Nikola Tesla

Nikola Tesla was born July 10, 1856 in Similjan, Lika, which was then part of the Austro-Hungarian Empire. Before coming to America, Tesla joined the Continental Edison Company in Paris, France, where he worked and designed dynamos. In 1883, in Strasbourg, France, he built the first prototype of the induction motor and later accepted offers to work for Thomas Edison in New York to continue his work on this new device.

Tesla spent the next 59 years in New York and working on improving Edison's line of dynamos at the Edison Labs in New Jersey. This is where, later, a disagreement between Tesla and Edison occurred over Edison's direct current and Tesla's alternating current. This was known as the "war of the currents." Edison lamps were supplied with direct current, making them weak and inefficient. The direct current could not travel for long distances, requiring stations to be put up every two miles with no step up in voltage. Tesla's alternating current would allow him to build generators that would send electrical currents for long distances on distribution lines, first in one direction, and then in another in multiple waves. Alternating current changes directions 50 to 60 times per second and can be stepped up to higher voltages that minimize power loss. This was a much stronger and more efficient way. After Tesla introduced his motors, generators and transformers using the polyphase alternating current, George Westinghouse bought Tesla's U.S. patents and they became partners. This partnership would prove that the war of the currents was won by alternating current that would later supply the nation with electricity.

In 1882, Tesla discovered the Rotating Magnetic Field, the basis for all devices using alternating current. By using the rotating magnetic field principle, he was able to construct the induction motor and the polyphase system for generation, transmission, and distribution of electrical power. This power is widely used throughout the world in industry and in our everyday household appliances.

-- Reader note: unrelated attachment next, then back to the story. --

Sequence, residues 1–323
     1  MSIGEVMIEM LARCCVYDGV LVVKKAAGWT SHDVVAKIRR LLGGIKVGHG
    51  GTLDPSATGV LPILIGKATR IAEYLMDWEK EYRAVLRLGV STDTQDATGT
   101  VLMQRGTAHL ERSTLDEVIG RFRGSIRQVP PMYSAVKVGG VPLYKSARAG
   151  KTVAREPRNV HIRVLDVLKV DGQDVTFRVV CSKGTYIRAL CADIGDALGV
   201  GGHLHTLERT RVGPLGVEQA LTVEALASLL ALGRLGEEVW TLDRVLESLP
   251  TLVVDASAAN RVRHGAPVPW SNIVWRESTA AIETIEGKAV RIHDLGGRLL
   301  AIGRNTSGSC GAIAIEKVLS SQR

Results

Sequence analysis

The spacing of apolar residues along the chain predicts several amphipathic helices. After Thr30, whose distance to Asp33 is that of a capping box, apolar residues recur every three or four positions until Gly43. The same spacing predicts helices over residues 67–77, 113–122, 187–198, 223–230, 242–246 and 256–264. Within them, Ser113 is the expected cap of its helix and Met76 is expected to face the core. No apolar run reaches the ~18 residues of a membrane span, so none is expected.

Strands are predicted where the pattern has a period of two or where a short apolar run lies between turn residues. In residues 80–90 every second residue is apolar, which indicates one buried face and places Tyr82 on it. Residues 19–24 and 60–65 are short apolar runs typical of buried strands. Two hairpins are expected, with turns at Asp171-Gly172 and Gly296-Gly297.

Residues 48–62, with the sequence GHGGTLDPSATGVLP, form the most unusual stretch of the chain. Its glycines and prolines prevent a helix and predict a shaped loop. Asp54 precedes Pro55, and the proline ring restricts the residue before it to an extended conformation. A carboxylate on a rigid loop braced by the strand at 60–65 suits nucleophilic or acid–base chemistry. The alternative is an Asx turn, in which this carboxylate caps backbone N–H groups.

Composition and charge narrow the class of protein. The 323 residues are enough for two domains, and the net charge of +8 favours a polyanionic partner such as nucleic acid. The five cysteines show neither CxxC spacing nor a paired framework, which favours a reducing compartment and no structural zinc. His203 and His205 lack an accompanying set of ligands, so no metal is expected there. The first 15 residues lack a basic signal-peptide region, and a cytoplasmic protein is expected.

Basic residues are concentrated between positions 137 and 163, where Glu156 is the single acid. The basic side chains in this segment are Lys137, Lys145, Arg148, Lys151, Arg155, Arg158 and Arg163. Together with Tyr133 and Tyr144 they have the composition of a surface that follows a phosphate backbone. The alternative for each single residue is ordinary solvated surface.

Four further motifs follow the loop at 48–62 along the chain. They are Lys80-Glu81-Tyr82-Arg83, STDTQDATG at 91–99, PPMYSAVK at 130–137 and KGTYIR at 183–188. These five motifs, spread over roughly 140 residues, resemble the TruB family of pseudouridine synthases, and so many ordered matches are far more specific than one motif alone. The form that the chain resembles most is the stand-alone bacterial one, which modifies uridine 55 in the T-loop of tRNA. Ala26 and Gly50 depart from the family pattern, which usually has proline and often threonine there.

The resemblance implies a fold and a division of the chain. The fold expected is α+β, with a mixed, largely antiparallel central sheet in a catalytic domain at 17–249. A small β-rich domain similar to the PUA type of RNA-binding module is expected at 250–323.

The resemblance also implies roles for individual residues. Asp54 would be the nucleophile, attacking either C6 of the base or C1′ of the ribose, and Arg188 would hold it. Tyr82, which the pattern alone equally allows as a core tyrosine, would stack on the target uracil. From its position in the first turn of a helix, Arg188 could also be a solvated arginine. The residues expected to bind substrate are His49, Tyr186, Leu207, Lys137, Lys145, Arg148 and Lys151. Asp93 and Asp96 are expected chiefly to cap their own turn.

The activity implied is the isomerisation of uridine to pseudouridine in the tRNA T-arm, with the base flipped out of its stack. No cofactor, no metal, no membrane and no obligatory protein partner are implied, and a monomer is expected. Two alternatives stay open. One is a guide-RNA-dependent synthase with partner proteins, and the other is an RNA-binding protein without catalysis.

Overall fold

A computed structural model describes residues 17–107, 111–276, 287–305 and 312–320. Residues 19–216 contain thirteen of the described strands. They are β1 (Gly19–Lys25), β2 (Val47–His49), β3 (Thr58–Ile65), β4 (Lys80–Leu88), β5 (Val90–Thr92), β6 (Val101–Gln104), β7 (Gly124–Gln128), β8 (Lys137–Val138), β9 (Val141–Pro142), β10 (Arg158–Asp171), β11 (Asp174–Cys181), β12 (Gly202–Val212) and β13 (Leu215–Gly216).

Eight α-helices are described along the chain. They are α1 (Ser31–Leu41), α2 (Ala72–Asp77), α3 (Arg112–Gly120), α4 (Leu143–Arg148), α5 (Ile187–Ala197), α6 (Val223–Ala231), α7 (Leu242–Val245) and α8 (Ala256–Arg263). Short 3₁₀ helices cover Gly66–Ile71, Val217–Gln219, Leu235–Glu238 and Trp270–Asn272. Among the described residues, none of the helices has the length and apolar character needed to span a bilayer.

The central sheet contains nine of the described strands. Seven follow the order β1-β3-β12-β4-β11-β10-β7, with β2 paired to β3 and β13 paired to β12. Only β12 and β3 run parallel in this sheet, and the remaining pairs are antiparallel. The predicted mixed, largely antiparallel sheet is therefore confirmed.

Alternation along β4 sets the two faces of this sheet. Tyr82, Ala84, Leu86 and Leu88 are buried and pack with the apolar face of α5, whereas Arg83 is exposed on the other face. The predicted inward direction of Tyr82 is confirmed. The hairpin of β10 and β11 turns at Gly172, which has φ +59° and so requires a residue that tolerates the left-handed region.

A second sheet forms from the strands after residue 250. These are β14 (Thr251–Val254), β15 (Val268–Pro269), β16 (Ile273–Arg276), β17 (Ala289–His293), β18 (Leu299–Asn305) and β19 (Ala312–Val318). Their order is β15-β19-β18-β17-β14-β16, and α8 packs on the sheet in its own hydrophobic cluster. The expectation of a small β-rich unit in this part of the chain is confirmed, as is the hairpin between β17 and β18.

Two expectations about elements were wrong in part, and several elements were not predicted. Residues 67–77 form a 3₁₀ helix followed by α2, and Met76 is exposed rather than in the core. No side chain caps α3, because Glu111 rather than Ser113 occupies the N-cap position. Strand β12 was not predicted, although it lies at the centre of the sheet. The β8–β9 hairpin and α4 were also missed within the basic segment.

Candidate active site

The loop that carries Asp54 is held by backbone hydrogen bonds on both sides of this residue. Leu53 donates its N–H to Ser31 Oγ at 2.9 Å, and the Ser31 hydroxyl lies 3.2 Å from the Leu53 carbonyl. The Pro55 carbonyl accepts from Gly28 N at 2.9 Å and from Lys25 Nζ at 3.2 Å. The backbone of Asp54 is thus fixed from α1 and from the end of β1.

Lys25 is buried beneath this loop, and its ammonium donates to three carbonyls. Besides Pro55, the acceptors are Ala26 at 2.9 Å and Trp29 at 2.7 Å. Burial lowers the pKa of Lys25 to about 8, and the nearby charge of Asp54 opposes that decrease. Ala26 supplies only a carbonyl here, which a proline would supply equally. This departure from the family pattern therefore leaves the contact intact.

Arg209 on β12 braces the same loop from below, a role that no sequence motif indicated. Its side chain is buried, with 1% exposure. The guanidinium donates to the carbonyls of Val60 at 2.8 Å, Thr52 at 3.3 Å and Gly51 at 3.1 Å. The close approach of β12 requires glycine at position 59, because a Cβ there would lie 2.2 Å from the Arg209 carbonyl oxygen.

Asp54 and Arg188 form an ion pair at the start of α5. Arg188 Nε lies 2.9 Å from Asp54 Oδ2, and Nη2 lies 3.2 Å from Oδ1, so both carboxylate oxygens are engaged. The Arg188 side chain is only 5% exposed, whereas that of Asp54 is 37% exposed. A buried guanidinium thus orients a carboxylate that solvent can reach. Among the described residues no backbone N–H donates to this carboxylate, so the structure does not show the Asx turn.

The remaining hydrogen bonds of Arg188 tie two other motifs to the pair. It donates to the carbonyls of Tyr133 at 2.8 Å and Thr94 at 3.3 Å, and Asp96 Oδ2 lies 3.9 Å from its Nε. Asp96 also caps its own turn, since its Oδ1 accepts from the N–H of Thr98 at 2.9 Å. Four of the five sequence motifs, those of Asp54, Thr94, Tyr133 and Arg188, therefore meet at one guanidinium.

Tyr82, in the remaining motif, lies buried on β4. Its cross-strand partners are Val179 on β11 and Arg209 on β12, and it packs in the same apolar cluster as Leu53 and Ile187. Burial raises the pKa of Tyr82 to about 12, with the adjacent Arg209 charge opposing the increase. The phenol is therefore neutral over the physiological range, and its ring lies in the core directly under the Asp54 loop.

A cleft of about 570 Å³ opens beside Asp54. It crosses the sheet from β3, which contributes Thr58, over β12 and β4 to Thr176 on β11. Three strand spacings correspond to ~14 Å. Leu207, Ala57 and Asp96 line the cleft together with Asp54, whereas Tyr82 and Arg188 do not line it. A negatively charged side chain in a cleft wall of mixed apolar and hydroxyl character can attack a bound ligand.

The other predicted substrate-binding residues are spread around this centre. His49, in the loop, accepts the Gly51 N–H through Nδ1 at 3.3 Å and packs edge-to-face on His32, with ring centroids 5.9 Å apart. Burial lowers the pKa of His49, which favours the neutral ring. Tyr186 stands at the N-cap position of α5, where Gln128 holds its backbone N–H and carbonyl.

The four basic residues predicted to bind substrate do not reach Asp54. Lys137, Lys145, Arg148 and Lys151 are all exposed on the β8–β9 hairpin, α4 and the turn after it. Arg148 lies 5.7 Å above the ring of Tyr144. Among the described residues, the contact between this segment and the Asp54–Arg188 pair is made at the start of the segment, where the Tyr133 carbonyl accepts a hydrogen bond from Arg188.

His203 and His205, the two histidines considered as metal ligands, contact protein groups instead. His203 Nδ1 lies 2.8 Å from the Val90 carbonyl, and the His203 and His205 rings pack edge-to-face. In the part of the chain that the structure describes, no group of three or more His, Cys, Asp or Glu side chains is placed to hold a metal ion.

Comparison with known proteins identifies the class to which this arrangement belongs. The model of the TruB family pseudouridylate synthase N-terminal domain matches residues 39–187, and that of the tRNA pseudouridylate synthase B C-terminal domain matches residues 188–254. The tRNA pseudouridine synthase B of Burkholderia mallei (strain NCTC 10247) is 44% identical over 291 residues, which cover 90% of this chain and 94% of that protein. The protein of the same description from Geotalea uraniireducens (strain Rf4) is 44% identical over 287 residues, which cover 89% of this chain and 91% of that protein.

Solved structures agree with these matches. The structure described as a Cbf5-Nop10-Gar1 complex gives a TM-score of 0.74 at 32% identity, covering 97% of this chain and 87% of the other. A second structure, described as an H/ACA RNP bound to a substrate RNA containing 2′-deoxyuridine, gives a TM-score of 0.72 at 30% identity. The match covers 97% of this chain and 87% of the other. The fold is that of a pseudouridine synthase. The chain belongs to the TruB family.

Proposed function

In Colorado Springs, Colorado, from 1899 to 1900, Tesla built a laboratory to experiment with high voltage, high frequency electricity, and radio frequency magnetic waves. There he created the Tesla Coil Magnifying Transmitter, capable of generating around 300,000 watts of power and producing a bolt of lightning 130 feet long! Using his transmitter, Tesla successfully managed to transmit 30,000 to 50,000 watts of power without wires.

From these experiments, his most important discovery in this lab was the Terrestrial Waves, which enabled him to prove that the earth could be used as a conductor. Using this discovery, he was able to light 200 lamps without wires from 25 miles away. Due to these terrestrial waves, Tesla at one time believed he received signals from another planet in his Colorado Lab. Tesla's work with radio-frequency electromagnetic waves brought about his discovery and invention of the radio. Despite claims by Marconi for the invention of radio, the U.S. Supreme Court overruled the Marconi patent and instead awarded it to Tesla.

Tesla was responsible for a great many inventions and devices as well as principles we still use today. His work with gas-filled lamps led to the creation of fluorescent lighting. His work with electromagnetic waves led to the invention of the radio, radar and the MRI, a type of x-ray enabling us to look inside the human body. Tesla's greatest achievement, the invention of the alternating current motor, led to the creation of the electric utility. People still refer to this as the "Edison Company" even though they use the Tesla-Westinghouse alternating current system for their electricity use, not the Edison direct current.

Noted inventions:

  • Alternating current induction motor
  • Polyphase transmission system
  • Multiphase power system (we use this today)
  • Wireless transmission of energy
  • Hydroelectric generator
  • Radio
  • Radar
  • Fluorescent light
  • Vacuum tubes
  • Tesla coil
  • Loud speaker
  • MRI x-rays